oa South African Family Practice - Healthcare attendance patterns by pregnant women in Durban, South Africa : original research
|Article Title||Healthcare attendance patterns by pregnant women in Durban, South Africa : original research|
|© Publisher:||Medpharm Publications|
|Journal||South African Family Practice|
|Author||S. Sibeko and J. Moodley|
|Publication Date||Nov 2006|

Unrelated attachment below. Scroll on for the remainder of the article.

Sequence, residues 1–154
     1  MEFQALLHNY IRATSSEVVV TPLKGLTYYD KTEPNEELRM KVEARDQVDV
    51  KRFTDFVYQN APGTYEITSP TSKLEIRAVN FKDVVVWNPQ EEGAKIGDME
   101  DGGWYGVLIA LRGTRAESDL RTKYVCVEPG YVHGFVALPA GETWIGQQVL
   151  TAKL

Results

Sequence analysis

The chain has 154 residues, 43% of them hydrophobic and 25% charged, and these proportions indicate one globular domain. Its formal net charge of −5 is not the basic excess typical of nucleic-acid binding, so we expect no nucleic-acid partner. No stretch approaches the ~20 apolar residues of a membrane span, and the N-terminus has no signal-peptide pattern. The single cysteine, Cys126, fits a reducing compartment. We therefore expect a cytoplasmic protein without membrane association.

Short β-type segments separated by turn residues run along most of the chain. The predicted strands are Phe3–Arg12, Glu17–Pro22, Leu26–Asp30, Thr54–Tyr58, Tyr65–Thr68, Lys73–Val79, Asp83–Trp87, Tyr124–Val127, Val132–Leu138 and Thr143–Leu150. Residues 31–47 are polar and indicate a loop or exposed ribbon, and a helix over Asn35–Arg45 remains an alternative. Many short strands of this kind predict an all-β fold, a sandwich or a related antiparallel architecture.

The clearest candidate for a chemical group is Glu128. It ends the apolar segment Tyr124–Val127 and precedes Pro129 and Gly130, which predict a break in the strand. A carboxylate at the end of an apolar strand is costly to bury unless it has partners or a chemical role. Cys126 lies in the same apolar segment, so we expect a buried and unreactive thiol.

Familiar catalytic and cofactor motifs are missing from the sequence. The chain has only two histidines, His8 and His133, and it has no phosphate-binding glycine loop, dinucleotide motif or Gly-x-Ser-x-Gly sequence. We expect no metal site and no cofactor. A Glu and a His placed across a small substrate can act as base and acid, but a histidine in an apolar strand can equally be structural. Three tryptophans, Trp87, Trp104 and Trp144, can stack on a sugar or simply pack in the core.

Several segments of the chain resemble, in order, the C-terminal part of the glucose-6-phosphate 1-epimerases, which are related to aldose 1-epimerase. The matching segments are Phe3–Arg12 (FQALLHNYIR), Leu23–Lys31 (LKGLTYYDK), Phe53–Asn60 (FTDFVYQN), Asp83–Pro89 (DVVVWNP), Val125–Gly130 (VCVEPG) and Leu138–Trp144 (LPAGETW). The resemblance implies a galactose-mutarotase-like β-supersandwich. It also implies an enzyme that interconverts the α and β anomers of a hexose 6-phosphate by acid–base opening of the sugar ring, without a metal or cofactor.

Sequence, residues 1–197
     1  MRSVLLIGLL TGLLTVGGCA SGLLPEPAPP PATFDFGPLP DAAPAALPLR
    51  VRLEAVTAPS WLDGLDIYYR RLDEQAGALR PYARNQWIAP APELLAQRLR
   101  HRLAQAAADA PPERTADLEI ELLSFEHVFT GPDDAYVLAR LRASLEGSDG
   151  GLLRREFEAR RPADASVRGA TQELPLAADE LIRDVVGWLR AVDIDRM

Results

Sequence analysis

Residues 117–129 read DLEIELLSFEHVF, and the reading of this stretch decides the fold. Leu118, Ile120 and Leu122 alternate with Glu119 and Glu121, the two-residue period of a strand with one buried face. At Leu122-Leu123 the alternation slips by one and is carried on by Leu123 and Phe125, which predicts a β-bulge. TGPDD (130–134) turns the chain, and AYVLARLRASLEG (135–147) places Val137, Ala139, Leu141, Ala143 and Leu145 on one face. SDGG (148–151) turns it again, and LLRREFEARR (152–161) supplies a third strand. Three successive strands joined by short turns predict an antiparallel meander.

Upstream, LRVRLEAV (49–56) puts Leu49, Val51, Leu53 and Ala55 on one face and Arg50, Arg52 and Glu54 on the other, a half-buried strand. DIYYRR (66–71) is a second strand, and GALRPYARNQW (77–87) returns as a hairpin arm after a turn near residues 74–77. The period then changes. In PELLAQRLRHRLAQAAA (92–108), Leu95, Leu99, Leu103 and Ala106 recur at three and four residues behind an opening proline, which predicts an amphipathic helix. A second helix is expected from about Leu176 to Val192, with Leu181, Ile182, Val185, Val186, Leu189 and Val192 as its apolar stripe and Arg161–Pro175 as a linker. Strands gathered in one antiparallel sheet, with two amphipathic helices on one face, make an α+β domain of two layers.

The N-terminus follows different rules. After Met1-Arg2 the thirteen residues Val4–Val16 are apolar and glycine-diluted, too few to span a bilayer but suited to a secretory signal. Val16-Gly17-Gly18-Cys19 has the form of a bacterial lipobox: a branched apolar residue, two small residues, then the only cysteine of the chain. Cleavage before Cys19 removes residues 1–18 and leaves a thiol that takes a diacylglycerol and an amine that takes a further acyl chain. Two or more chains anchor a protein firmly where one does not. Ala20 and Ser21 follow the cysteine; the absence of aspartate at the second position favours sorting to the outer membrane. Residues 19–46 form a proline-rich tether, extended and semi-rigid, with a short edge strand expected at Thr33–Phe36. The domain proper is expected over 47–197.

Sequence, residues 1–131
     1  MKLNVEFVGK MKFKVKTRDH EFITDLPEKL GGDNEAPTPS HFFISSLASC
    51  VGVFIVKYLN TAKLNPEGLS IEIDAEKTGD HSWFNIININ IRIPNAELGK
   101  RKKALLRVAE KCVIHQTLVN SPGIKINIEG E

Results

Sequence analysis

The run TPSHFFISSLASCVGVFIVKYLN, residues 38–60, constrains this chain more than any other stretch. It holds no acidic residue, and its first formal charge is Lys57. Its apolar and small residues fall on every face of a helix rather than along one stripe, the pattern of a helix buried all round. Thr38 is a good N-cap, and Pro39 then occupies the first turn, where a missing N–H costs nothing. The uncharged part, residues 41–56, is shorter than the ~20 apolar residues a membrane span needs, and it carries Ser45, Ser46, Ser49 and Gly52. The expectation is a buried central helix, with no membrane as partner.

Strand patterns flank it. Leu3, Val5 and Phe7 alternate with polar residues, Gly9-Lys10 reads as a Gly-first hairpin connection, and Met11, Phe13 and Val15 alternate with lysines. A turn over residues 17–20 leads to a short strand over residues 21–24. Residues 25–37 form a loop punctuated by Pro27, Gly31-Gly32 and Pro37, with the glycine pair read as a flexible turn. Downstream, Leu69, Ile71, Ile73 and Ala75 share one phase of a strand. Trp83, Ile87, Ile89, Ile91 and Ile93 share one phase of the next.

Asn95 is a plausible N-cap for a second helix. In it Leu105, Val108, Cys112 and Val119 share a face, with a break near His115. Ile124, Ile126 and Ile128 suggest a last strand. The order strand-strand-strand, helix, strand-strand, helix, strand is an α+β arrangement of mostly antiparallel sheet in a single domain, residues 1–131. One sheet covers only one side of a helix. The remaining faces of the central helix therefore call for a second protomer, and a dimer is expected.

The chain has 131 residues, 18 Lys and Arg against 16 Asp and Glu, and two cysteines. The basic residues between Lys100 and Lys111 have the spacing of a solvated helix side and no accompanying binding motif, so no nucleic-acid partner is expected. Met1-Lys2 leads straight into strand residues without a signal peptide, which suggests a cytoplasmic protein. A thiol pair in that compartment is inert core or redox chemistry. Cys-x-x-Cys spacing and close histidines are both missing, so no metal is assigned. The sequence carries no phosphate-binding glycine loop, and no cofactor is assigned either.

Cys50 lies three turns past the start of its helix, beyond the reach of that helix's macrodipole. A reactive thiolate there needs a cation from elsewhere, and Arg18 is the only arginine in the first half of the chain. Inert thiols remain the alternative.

<I>Background:</I> High rates of perinatal mortality and morbidity and maternal mortality in South Africa remain a major problem. The Saving Mothers and Saving Babies Reports identified patient-related factors as possible causes. Among the patient-related factors was non-attendance, or attendance late in pregnancy, for antenatal care in public hospitals. It would appear that pregnant women confirm their pregnancies by visiting general practitioners, but do not attend antenatal care in the public sector. The aim of this study was to determine healthcare attendance patterns among pregnant women in Durban, South Africa. <br><I>Methods:</I> This was a descriptive study. Participants were recruited and categorised into "early booker", "late booker" and "unbooked in labour" groups. All the participants were interviewed individually using a structured questionnaire. <br><I>Results:</I> The majority of participants presented for formal "booking" late in pregnancy; 47.9% "booked" at a gestational age of six months after the last menstrual period. Among the "early bookers", the majority (94.4%) had confirmed their pregnancy by four months of amenorrhoea, and 60.6% of these confirmed their pregnancies within the public health sector. All the "early bookers" began antenatal care prior to the 20th week of gestation. A total of 66.9% of the "late bookers" and 66.7% of the "unbooked" women also had their pregnancies confirmed at four months amenorrhoea, but 49.0% of the "late bookers" and 59.8% of the "unbooked" women confirmed their pregnancies in the private health sector. The "late bookers" also showed a delay of two to three months between confirming the pregnancy and booking visits. Of the women in this study, 49% visited a general practitioner (GP) to confirm the pregnancy after two to four months of amenorrhoea. This figure rose to 53.0% if only the "late bookers" and the "unbooked" were analysed. Further, 35.3% visited a GP more than once, either for antenatal care or because of ill health. <br><I>Conclusion:</I> It is imperative for GPs to understand the role of antenatal care and to refer pregnant women appropriately.
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